Hospital earnings will likely take a hit under the "two-midnight" rule for Medicare inpatient admissions, particularly among community providers that treat less complex patients over shorter visits, according to a new report from Moody's Investor Service.
How two senators hope to fix the two-midnight rule
The controversial two-midnight policy—included in Medicare's inpatient payment rule for 2014—calls for physicians to make only "medically necessary" inpatient admissions; specifically, a physician is supposed to expect that the beneficiary's treatment will require at least a two-night hospital stay.
The rule aims to limit the growth in extended observation stays at hospitals, which have skyrocketed in recent years. Although the rule was set to take effect Oct. 1, 2013, pushback from health care providers prompted CMS to repeatedly delay enforcement. Under the latest delay, Medicare's recovery auditors must now wait until after Sept. 30 of this year to begin using the rule during audits.
Two-Midnight Rule Impact Assessment
Which of your cases are most at risk of moving to outpatient under the "two-midnight" rule?
Get a customized assessment
According to Moody's, the two-midnight policy could end up reducing average reimbursement per case by $3,000 to $4,000, given that outpatient cases typically reimburse hospitals at lower rates. Moody's warning directly contradicts CMS's prediction that the change will create $220 million in additional Medicare expenses because a larger proportion of extended stays will be billed at inpatient rates.
Additionally, Moody's concluded that the two-midnight policy will likely accelerate the shift from inpatient to outpatient care and do little to stem the growth in observation cases. And hospitals that see a high proportion of inpatient cases will be disproportionately affected—for example, smaller community hospitals with a less acute case mix.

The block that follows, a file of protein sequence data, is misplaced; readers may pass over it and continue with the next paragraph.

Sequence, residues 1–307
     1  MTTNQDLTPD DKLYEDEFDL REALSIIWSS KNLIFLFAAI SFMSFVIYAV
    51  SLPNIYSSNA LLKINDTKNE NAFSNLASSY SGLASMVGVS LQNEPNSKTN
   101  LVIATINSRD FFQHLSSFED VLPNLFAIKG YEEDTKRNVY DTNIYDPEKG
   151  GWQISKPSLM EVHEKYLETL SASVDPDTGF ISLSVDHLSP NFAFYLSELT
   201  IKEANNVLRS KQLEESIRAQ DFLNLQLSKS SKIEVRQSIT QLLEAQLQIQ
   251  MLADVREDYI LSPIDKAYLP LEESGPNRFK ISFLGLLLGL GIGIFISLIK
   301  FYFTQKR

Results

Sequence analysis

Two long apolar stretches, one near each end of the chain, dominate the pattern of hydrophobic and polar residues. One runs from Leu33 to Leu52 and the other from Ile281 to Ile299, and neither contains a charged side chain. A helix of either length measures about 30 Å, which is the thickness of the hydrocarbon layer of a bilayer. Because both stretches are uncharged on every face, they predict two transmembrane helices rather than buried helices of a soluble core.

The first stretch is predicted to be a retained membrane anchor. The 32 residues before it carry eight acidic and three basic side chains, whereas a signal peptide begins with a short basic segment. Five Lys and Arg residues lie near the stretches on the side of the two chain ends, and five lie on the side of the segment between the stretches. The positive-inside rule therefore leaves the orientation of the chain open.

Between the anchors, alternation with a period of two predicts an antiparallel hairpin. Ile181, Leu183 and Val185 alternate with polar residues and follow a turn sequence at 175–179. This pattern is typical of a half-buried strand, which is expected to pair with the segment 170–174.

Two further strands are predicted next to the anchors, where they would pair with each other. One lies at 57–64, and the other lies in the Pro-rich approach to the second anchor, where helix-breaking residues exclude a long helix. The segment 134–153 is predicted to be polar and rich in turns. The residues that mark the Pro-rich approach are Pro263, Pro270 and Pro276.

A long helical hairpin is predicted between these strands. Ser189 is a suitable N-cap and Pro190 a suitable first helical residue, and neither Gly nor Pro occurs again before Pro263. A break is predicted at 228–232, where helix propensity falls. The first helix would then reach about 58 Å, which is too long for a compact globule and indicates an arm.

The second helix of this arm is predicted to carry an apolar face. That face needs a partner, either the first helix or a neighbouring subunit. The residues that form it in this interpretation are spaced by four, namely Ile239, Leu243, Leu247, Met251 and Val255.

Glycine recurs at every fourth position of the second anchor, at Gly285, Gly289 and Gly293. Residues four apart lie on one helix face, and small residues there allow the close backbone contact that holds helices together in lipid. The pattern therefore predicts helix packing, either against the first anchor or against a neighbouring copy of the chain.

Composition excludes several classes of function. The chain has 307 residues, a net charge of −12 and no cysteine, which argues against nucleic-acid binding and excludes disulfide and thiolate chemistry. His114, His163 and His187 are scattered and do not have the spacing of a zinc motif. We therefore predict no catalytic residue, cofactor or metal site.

Two-midnight rule resurrects age-old question: Can observation care be profitable?
Early impact on volumes, earnings
The report will likely add fuel to hospitals' concerns that they may be shortchanged under the new inpatient policy, Modern Healthcare's Beth Kutscher reports. Last month, investor-owned hospital chains provided the first glimpse into the financial impact of the two-midnight rule in their fourth-quarter earnings. Their experiences were decidedly mixed:
- Tenet Healthcare anticipates losing up to $25 million on both volume and earnings before interest, taxes, depreciation, and amortization.
- Community Health Systems said the rule led to a $5 million gap in earnings before interest, taxes, depreciation, and amortization. The hospital chain's total admissions also declined 10.5% (1,000 admissions) during the fourth quarter, according to CFO Larry Cash.
- However, Nashville-based HCA denied that the rule swayed its financial results. CFO William Rutherford said the system was able to reduce costs associated with outside audits, though the policy did drive down inpatient admissions by about 1.8%.
In its report, Moody's acknowledged that the silver lining of the two-midnight rule for hospitals is greater clarity around length of stay, which may provide some relief against costly reviews from Medicare's audit contractors. Admissions audits represent the most heavily audited areas faced by hospitals, the firm noted (Moody's report, 3/12; Kutscher, Modern Healthcare, 3/13 [subscription required]).
Next in the Daily Briefing
FTC to reexamine health care competition this week